Post Himmatwala, most viewers have sworn off remakes, and Chashme Baddoor (CB) doesn't do much to salvage this thought.
The core story, revolving around three bachelor friends sharing a room, remains the same as the original (released in '81). Two of them - Omi (Divyendu Sharma) and Jai (Siddharth) - are loafers, piling up the credit at the local cafe (yes the humble paan-wala from the original gives way to a fancy restaurant in Goa) and looking for women to harass.
The original was sweeter still, with the rogues trying to woo women but failing miserably. Here, we are introduced to Jai (Siddharth), as he's giving an audition for a film. It's a rape scene and since rape is such a funny issue, director David Dhawan shows the character actually molest the woman.
So in the audition, we watch the make-believe director trying to control Jai as he pulls the female actor's saree pallu and gropes her even as she's screaming.
The next character, Omi, is introduced on the stage of a college function, where, in the presence of his principal and chief guest, he cracks tasteless jokes. We then watch both these characters running and being followed by scores of people who want to hit them.
Unsurprisingly, your sympathy hardly rests with these characters.
The third roomie Siddharth (Ali Zafar) is the bookish, quiet sort who tolerates his friends' doings and, at times, even encourages them. Omi and Jai spot Seema (Taapsee Pannu) who has just moved to the neighbourhood and is living with her grandmother and uncle (Anupam Kher).
She has run away from home as her hilariously dictatorial father (Kher, again) wanted to get her married forcibly.
The Dumb and Dumber duo tosses a coin to see who'll make the move first. And then we watch as they go to her house to introduce themselves and try their luck with getting her attention. Once in the house, Dhawan adds unnecessary crudity - so you have Omi rummaging through her underwear drawer and Jai clicking a picture of the tattoo on her back when she's exercising.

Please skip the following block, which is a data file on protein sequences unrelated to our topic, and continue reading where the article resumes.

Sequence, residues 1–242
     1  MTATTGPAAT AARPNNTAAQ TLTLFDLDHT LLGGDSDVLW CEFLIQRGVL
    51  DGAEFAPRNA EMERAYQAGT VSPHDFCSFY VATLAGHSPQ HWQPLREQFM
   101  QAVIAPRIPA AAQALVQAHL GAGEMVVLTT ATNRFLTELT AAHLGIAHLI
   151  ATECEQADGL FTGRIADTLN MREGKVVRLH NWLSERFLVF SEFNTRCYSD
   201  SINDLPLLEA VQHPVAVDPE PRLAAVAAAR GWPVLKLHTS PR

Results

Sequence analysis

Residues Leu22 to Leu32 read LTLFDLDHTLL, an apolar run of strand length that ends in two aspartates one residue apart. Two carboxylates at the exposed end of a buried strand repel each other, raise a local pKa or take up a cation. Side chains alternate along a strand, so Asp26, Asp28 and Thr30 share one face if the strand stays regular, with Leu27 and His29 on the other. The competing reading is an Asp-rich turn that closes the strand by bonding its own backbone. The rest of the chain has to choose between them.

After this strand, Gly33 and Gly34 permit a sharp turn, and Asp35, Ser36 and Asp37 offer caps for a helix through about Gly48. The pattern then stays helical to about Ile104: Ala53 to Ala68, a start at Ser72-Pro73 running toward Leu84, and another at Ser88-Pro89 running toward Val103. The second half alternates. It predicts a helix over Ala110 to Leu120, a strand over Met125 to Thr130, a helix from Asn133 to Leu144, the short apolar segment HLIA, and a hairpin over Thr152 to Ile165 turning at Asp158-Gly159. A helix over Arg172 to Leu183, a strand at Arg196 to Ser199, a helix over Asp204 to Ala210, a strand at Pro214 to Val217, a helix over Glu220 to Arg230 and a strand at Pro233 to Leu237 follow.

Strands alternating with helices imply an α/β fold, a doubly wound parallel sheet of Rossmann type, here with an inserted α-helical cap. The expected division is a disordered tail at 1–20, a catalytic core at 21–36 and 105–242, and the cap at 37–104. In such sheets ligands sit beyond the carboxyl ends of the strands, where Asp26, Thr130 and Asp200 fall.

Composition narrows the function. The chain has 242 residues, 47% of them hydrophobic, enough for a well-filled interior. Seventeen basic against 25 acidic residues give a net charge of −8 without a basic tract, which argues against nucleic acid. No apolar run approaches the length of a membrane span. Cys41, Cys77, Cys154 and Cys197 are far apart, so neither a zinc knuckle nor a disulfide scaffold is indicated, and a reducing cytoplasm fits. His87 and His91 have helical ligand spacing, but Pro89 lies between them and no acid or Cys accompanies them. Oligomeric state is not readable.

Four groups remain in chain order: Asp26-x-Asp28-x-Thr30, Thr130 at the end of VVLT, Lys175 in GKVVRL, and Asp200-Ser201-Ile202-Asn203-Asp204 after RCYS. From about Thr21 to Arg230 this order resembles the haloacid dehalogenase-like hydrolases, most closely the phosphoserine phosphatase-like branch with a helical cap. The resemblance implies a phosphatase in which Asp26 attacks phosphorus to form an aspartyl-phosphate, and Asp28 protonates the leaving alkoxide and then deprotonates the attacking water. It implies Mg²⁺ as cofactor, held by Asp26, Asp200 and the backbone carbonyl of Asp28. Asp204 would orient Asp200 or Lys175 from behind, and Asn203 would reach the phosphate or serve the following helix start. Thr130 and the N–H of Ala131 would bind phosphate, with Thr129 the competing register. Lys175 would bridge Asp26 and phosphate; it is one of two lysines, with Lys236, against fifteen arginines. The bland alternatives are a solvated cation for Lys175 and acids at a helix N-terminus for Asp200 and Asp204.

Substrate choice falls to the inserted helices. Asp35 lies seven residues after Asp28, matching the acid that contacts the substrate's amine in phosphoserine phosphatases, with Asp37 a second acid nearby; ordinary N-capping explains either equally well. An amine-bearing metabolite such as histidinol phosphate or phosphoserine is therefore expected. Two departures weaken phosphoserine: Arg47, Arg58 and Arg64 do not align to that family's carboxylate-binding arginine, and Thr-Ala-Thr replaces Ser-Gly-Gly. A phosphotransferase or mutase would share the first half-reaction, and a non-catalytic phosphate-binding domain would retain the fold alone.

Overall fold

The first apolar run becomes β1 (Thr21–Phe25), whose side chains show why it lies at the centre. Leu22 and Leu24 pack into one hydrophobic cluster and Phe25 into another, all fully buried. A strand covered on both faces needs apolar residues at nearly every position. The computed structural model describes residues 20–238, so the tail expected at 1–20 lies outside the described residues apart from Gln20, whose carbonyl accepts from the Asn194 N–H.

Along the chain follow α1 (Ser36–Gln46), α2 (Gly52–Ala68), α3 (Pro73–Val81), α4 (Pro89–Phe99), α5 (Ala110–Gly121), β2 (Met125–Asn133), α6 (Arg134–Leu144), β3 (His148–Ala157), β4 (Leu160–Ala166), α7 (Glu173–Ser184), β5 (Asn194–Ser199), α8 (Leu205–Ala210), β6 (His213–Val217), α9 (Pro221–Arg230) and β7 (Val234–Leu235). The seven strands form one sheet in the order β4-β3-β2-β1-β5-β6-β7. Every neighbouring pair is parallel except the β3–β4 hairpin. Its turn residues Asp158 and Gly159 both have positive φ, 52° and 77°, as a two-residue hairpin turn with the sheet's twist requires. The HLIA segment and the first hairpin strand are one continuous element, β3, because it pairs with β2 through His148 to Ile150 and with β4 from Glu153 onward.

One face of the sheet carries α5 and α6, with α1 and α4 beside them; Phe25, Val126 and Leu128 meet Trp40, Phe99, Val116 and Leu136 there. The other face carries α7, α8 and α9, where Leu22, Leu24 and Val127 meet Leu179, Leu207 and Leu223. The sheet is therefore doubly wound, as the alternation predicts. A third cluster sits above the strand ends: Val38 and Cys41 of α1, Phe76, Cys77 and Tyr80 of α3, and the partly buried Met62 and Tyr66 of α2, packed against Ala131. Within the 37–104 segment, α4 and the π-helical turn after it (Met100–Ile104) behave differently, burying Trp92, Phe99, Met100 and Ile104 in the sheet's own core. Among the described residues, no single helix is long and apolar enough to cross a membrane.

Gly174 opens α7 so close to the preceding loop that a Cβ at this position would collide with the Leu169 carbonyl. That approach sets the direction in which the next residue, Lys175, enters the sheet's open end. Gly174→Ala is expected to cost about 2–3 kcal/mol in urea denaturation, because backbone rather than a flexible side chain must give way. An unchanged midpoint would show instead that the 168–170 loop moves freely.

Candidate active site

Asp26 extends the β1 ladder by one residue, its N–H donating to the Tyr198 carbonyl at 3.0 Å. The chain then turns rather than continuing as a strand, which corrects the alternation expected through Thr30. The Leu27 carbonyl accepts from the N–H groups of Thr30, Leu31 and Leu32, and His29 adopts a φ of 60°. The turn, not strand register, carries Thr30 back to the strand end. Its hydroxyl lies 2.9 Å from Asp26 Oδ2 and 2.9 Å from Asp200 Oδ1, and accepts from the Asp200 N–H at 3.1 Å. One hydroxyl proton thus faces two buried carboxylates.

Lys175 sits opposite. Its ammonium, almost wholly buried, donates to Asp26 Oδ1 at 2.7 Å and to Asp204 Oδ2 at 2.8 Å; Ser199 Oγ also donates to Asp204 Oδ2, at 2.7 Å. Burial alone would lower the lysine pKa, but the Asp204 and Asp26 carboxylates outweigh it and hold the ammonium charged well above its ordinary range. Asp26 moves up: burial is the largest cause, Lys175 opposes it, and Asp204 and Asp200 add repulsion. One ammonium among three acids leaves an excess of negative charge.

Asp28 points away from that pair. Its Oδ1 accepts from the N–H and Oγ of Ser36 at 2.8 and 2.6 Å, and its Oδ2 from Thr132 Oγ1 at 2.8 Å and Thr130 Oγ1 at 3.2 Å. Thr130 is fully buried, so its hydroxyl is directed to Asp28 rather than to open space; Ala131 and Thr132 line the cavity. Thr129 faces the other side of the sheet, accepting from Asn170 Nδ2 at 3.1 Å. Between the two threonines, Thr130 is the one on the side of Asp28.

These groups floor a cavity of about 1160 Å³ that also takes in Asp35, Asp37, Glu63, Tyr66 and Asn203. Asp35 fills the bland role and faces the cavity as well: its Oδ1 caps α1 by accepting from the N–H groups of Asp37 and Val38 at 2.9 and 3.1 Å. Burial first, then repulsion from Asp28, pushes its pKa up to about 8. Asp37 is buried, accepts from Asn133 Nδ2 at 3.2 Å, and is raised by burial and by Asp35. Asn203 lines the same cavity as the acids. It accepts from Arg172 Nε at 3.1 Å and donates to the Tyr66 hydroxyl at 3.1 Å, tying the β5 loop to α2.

But as luck would have it, Seema notices Siddharth and exclaims, Dum hai, Boss' (a line she keeps repeating in his favour, that frankly sounds like an advertising tagline).
Meanwhile, we see another long-drawn romance between the café owner Joseph (a very tattooed Rishi Kapoor) and Josephine (Lilette Dubey). Omi and Jai then try creating rifts in the two romances. First they call Seema a 'fast and giri hui ladki' and then describe her as 'China ka maal, no guarantee, no warrantee.' And next, they also almost break the older romance. With friends like these, who needs enemies, eh? Of course, all of this is later brushed off as "nadaani".
The breezy touches include the spunky songs, Niharika Khan's astute styling and occasional dialogue gems that stand out from the clutter. Like this one: "Ye pyaar karne waale, Saif aur Kareena ki tarah 'Qurbaan' ho gaye.'
But please note, for one dialogue that makes you smile, there are a dozen others that make you cringe. Obsessed with rhyming each ending word, each conversation tries to word-play, often unsuccessfully. Conversations and scenes drag on, as if no one's looking.
The performances are pretty good. Ali Zafar (Mere Brother Ki Dulhan, Tere Bin Laden) is top-notch. Taapsee Pannu makes a fabulous debut, and is a talent to look out for.
Dibyendu Sharma (Pyaar Ka Punchnama) and Siddharth (Rang De Basanti, Striker) also do very well.
Bharati Achrekar as the feisty grandmother is a treat.
The iconic Chamko scene from the original has been mutilated in this version. But then, so has most of the original film.
With none of the glam and glitz of this film, the original still stands out for its simplicity, sweetness and snatches of real humour.
Taking inspiration from a line from Chashme Baddoor, this is the Chinese-made version of the original. View it at your own risk.
Rating: 2.5 stars